The influence of ants and parasitoids on aphid reproduction in the fieldManuscript (preprint) (Other academic)
    Abstract [en]
    1. The aim of this study is to investigate how the availability of attending ants influences aphid reproductive investment and the rate of parasitoid attack.
    2. We conducted a field experiment involving the facultative myrmecophile Aphis fabae and the ant species Lasius niger. The experiment relied on natural aphid colonization of potted plants of scentless mayweed (Tripleurospermum perforatum) placed outdoors. Ants that were naturally present at the field site had access to half of the pots and were excluded from the remainder.
    3. Adults aphids were sampled from plotted plants during the 4th and 5th weeks of the study, preserved in ethanol and then dissected to reveal the numbers and sizes of aphid embryos and the presence of hymenopteran parasitoid larvae.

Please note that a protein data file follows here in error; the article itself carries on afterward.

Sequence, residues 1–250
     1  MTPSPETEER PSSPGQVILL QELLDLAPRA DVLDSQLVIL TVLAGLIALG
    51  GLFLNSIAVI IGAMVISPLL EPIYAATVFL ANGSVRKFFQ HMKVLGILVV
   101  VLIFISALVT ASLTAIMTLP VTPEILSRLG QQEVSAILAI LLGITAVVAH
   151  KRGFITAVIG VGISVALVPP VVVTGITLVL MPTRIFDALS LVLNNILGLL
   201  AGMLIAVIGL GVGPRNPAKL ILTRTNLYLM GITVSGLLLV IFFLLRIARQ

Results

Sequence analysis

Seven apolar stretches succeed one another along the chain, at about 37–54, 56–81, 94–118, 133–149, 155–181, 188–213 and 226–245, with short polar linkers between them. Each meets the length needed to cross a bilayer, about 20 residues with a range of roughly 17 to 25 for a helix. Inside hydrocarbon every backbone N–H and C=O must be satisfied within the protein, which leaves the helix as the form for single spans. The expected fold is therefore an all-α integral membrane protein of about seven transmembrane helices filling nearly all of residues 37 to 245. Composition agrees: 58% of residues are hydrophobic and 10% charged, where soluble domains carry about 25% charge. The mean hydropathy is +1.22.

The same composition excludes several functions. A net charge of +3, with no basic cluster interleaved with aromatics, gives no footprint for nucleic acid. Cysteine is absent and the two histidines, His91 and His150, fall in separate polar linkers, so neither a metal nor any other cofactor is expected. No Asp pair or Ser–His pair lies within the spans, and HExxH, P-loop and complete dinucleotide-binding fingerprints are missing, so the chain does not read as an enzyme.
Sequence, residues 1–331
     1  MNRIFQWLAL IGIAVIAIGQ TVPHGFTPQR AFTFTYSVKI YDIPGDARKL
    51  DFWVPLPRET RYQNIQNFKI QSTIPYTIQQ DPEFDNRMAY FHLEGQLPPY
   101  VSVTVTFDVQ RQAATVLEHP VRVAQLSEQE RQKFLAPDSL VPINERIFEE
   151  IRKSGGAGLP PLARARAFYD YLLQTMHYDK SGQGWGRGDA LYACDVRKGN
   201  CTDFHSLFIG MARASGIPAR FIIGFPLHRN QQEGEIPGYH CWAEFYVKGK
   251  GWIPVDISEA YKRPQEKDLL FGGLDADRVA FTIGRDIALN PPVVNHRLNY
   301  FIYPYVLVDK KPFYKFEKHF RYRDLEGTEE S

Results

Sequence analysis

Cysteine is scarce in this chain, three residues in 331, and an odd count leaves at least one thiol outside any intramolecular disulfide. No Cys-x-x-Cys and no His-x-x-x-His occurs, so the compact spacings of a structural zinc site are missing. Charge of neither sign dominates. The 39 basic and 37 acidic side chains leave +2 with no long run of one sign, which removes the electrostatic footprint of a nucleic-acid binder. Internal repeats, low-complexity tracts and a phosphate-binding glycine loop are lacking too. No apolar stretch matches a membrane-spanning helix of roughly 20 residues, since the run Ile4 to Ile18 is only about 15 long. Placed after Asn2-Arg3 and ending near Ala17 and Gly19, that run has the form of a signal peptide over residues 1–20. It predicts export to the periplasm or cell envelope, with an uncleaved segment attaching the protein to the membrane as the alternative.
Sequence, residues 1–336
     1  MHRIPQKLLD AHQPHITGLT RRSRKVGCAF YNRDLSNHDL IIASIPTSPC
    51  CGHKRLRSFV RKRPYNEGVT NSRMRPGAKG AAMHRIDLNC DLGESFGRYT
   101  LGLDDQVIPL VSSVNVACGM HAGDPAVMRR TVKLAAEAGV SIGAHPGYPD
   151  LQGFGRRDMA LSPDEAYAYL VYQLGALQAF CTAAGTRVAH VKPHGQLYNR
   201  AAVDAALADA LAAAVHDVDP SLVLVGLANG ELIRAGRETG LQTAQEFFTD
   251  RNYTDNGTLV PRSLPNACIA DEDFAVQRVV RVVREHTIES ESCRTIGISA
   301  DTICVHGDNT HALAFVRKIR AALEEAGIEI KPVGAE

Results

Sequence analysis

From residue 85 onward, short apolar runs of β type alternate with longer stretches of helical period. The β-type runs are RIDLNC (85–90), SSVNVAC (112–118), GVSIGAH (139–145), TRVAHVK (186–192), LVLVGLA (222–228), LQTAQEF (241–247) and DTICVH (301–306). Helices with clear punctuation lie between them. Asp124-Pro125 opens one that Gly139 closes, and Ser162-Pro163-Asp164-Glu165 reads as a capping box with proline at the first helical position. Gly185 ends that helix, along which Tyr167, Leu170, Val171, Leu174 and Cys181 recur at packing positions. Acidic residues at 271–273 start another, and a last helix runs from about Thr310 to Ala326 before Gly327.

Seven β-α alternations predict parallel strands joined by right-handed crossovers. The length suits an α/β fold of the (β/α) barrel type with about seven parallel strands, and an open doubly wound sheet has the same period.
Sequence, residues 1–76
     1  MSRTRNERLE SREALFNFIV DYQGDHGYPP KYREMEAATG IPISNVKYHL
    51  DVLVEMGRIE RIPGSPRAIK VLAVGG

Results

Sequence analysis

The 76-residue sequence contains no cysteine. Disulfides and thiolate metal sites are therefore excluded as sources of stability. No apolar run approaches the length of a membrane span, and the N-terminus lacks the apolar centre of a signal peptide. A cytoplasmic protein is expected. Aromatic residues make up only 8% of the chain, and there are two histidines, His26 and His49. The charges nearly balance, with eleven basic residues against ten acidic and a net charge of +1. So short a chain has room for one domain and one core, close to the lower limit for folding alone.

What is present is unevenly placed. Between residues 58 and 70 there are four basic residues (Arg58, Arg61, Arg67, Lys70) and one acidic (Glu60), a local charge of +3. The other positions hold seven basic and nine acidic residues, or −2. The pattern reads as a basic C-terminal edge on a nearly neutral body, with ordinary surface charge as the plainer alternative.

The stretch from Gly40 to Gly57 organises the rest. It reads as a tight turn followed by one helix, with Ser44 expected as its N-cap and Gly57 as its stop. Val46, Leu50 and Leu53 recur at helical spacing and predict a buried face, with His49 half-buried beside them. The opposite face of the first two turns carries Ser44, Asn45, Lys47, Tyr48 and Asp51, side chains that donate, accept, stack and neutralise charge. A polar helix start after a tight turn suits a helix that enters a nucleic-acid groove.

4. Ant-tended aphids were more often parasitized and contained fewer embryos, but with a greater proportion of these embryos being large. In conjunction with previous analyses of this interaction, the results indicate that under the conditions of our field experiment the net effect of the presence of ants on aphids is negative, throwing doubt on the mutualistic nature of the interaction. 
  • 259. Teles, Magda C
    et al.
    Dahlbom, S Josefin
    Uppsala University, Disciplinary Domain of Medicine and Pharmacy, Faculty of Medicine, Department of Neuroscience, Physiology.
    Winberg, Svante
    Uppsala University, Disciplinary Domain of Medicine and Pharmacy, Faculty of Medicine, Department of Neuroscience, Physiology.
    Oliveira, Rui F
    Social modulation of brain monoamine levels in zebrafish2013In: Behavioural Brain Research, ISSN 0166-4328, E-ISSN 1872-7549, Vol. 253, p. 17-24Article in journal (Refereed)
    Abstract [en]